Robin M. on Eve
Patrick Oden on Rahab and the spies
Alan Knox is thankful for the women who served God
Lainie Petersen on the unnamed concubine
Mike Clawson on cultural norms in the early church
Krista on serving God
Bob Carlton on Barbie as Icon
Jan Edmiston preached on the unnamed concubine
Deb on her namesake – Deborah
Makeesha on empowering women

18 comments

  1. I have even heard of people called Keren-Happuch. But yes, it is significant than none of Job’s other children were named. That would be even more of a problem for genealogists!

    Comment by Steve Hayes — March 8, 2009 @ 10:25 am

  2. I think it’s awesome that the book of Job is supposedly one of the oldest biblical texts and yet contains such a hierarchy-rocking message – once Job encounters God, things changed. Daughters are named (so rare!), given inheritance (so never!), etc. Intriguing stuff!

    Comment by Ellen Haroutunian — March 8, 2009 @ 11:01 am

  3. Sonja – Thanks for this – I have never noticed that the name Jemima was in the bible and love the idea that slaves may have named their daughters Jemima because it represented hope.

    Comment by Liz — March 8, 2009 @ 2:53 pm

  4. Thanks Sonja. We were discussing Job today in our Adult Faith Discussion at church and we noted how remarkable it was for Job to give his daughters an inheritance. Thank you for a very insightful post.

    Comment by Shawna R. B. Atteberry — March 8, 2009 @ 4:10 pm

  5. Insightful post, and yes, I too wonder if those names were not prophetic names of hope.

    Comment by Lainie Petersen — March 8, 2009 @ 4:53 pm

  6. That is crazy how racist marketing attempts destroyed a symbol of hope.

    Comment by Julie Clawson — March 8, 2009 @ 6:02 pm

  7. Well … to be fair, Julie … and it’s difficult to parse this out in a blog post … the name had already taken on unfortunate connotations within the African-American community. “Aunt Jemima” was sort of the “Uncle Tom” for women, if you will. Now, what I haven’t been able to figure out is whether or not that’s the white version of events or the slave version.

    If you click on the link that’s under “black-face minstrel show” above it goes to a book called “Slave In A Box” and there’s a chapter on-line there that does a great job of describing the cultural milieu that existed at the time. It’s a little more conciliatory than I’d like, but you get a good feel for things.

    Comment by Sonja — March 8, 2009 @ 6:12 pm

  8. Sonja,

    Love Job…no time to comment at length…. :^(

    But I did want you to see Scot McKnight’s post on Junia. It is awesome! I have a wee comment at #10….

    Comment by Peggy — March 9, 2009 @ 1:14 am

  9. [...] Sonja Andrews on Aunt Jemima [...]

    Pingback by International Women’s Day 3/08/09 « Kupercaya — March 9, 2009 @ 9:09 am

  10. [...] Clawson on the God who sees Steve Hayes on St. Theodora the Iconodule Sonja Andrews on Aunt Jemima Sensuous Wife on a single mom in the Bible Minnowspeaks on celebrating women Michelle Van Loon [...]

    Pingback by More On International Women’s Day « Godspace — March 9, 2009 @ 9:56 am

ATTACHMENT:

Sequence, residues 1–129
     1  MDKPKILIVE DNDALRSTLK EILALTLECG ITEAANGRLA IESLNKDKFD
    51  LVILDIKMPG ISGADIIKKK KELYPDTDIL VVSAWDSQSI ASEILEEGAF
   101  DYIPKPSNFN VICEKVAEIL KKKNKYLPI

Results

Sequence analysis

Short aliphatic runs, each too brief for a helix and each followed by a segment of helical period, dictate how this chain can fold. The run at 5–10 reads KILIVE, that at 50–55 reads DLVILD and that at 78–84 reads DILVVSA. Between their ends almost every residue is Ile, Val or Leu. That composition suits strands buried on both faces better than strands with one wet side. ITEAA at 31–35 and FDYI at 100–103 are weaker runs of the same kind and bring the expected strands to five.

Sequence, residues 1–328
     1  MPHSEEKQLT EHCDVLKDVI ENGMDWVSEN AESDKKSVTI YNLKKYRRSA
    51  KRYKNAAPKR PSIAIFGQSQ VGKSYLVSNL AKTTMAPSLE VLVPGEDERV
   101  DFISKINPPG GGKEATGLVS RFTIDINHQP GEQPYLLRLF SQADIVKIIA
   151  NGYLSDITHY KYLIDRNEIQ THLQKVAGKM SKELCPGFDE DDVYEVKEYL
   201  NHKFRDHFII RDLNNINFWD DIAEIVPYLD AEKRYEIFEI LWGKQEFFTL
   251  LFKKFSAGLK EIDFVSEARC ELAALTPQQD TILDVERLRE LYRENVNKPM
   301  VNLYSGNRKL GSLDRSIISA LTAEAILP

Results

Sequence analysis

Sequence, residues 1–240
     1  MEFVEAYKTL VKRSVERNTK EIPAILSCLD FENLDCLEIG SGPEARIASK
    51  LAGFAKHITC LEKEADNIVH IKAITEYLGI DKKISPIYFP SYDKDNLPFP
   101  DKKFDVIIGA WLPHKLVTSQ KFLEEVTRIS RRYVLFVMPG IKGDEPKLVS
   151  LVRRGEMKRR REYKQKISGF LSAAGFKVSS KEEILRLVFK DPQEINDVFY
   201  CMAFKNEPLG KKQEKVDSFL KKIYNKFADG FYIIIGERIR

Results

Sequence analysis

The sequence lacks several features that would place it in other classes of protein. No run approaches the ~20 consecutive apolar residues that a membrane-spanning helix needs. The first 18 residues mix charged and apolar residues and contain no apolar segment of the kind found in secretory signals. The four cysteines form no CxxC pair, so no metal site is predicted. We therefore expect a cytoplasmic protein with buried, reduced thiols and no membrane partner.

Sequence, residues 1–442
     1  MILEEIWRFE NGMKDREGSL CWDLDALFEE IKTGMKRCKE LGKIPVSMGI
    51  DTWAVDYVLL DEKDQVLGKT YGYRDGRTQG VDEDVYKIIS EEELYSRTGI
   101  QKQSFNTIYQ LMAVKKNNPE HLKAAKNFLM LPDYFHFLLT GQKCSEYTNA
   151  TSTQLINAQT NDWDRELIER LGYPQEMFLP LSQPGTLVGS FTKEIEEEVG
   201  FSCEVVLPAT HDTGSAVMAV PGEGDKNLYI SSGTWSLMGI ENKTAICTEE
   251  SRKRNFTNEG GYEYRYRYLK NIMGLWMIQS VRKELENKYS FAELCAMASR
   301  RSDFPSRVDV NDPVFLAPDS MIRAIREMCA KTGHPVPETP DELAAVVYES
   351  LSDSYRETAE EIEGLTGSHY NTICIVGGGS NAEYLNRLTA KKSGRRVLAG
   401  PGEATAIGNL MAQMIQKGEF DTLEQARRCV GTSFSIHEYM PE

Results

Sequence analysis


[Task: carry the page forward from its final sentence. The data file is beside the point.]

11. [...] Clawson on the God who sees Steve Hayes on St. Theodora the Iconodule Sonja Andrews on Aunt Jemima Sensuous Wife on a single mom in the Bible Minnowspeaks on celebrating women Michelle Van Loon on [...]

    Pingback by Rahab, the one who clings to God | — March 9, 2009 @ 1:04 pm

  12. [...] Clawson on the God who sees Steve Hayes on St. Theodora the Iconodule Sonja Andrews on Aunt Jemima Sensuous Wife on a single mom in the Bible Minnowspeaks on celebrating women Michelle Van Loon on [...]

    Pingback by The Women Paul Didn’t Hate « Seminary on the Side — March 9, 2009 @ 5:17 pm

  13. The whole Megillah, revisited…

    This post is part of a synchroblog that is more or less monthly.  This month’s blogfest celebrates…

    Trackback by Beth Patterson — March 10, 2009 @ 12:26 pm

  14. Sonja,
    I named my daughter Keren, after Job’s daughter.
    I always felt kinda like an ugly duckling, so I suppose that when I came across the fair daughters of Job, (and I had been looking for a K name), it really just jumped out at me that this would be my daughters name.
    I hope (and believe) that the legacy or inheritance that I am leaving my daughter (1 daughter, 4 sons) is one of strength and independence. Although she is beautiful, she does not conform to societys notion of beauty. Nor does she conform in any other way! LOL

    Comment by Kimber — March 10, 2009 @ 2:13 pm

  15. hey sonja, as always you provide a perspective that is unique and makes me think. my favorite line: “a geneologist’s worst nightmare!” that made me laugh. so many untold stories. so much mystery that helps us imagine all that could have been possible. i love it.

    Comment by kathyescobar — March 12, 2009 @ 12:13 am

  16. [...] Sonja Andrews on Aunt Jemima [...]

    Pingback by International Women’s Day 3/08/09 | hgc — May 8, 2009 @ 12:14 am

  17. [...] Ravine of Light Aunt Jemima International Women Day Synchroblog Posted by root 1 day 21 hours ago (http://www.calacirian.org) Filed under expectantly fat bottomed girls gifts girls history hope ran into a brick wall because records of what slaves were named by each other were um slim comment by shawna r b atteberry march 8 2009 4 10 pm powered by wordpress and the artsemerging t Discuss  |  Bury |  News | Ravine of Light Aunt Jemima International Women Day Synchroblog [...]

    Pingback by Ravine of Light Aunt Jemima International Women Day Synchroblog | Green Tea Fat Burner — June 9, 2009 @ 2:40 pm

  18. Actually, Jemima is fairly popular in England.
    Maybe it is just in the US it has the slave connotations.
    I think it is very pretty.

    Comment by Kari — July 9, 2009 @ 8:20 pm